What are Community Health Workers?
A Community Health Worker (CHW) is a front-line public health worker who is a trusted member of the community and has a close understanding of the North Country. This trusting relationship enables the CHW to serve as a liaison between the client and healthcare, social service, and community organizations to facilitate access to care and improve the quality and cultural competence of service delivery.
Why use a Community Health Worker?
Traditional care coordination works for many patients who are dealing with chronic disease and may have been hospitalized or visited the ED. However, for a select percentage of the population, especially older adults with complex health needs, ongoing supports are essential to reducing trips to the hospital.
CHWs provide critical services that bridge the gaps that often lead to patients’ return to the hospital or worsening of their chronic disease.
Health starts in the home and the community. CHWs meet with patients in their homes or a community meeting setting and develope a trusting relationship based on the community they share.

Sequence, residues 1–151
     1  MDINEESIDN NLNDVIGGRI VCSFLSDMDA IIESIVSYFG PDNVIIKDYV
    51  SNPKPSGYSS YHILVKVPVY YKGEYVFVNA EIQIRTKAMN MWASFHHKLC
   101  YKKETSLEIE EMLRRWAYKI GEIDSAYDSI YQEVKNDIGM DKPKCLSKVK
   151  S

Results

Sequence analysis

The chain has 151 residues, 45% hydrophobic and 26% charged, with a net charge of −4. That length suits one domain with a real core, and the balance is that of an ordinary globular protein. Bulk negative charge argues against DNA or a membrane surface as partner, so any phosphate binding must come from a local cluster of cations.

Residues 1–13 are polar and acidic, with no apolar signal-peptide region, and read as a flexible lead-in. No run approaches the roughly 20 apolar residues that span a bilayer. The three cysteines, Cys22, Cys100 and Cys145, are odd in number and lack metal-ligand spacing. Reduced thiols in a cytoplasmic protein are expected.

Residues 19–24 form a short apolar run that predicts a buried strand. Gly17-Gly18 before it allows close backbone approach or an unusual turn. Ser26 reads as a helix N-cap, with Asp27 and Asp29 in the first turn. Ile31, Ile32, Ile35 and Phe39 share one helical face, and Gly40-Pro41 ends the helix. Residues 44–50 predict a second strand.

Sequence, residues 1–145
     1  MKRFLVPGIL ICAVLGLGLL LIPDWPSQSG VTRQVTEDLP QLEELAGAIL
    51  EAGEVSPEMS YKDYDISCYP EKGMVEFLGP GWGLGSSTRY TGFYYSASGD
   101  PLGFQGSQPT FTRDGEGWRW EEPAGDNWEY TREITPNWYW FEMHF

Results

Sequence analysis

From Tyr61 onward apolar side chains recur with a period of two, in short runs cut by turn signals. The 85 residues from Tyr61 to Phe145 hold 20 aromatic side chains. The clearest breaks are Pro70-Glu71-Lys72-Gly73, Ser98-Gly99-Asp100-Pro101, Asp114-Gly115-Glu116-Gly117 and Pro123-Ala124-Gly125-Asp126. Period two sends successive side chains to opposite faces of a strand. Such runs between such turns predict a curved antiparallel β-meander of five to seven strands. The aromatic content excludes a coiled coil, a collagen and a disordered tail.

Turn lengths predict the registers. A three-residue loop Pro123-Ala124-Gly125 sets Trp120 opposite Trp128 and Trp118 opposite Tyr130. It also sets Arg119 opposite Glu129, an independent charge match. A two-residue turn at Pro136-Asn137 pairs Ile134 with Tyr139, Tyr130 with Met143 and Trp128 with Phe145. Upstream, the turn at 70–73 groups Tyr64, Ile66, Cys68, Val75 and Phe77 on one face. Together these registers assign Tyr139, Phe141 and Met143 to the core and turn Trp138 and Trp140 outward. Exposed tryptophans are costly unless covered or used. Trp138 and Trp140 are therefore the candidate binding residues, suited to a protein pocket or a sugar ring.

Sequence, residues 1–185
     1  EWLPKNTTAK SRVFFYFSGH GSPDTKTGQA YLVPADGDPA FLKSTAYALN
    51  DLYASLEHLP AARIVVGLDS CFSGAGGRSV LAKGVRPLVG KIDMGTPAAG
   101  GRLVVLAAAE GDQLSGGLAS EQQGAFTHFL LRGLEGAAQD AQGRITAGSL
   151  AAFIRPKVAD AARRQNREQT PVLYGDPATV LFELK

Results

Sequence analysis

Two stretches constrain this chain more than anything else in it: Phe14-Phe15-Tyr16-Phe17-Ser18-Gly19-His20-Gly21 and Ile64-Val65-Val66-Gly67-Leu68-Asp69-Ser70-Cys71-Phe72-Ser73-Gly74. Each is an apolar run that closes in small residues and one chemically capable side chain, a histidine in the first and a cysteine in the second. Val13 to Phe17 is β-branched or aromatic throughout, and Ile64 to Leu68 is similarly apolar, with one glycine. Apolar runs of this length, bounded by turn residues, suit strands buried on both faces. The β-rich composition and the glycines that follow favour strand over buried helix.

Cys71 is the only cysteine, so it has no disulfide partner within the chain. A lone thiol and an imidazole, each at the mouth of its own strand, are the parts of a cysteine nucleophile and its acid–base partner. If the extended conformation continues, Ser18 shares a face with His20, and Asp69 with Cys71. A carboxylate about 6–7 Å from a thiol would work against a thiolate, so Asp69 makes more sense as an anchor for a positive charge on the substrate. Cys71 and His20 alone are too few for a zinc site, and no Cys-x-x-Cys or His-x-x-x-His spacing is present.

Whereas patients are often ashamed or embarrassed to share all their needs or concerns with their provider, or sometimes there just isn’t enough time during medical appointments, CHWs can delve into the Social Determinants of Health (SDOH) needs that are negatively impacting the management of patients’ illnesses and provide them with relatable health information specific to their situation.
How can I find a Community Health Worker?
The North Country Health Consortium’s Ways2Wellness CONNECT program provides CHWs to work with patients 55 and older with unmanaged chronic disease such as hypertension, diabetes, CHF, COPD, etc. There is no cost to the provider or the patient.
Did you know?
CHW Programs have been shown to:
- Improve continuity of care and patient outcomes
- Reduce 30-day readmission rates
- Improve patient compliance with mediations and regimens
- Close critical gaps in understanding that can occur between provider visits and patients’ homes
- Be a cost-effective approach to improve health, resulting in increased patient visits for preventive and primary care and fewer hospitalizations and visits for urgent care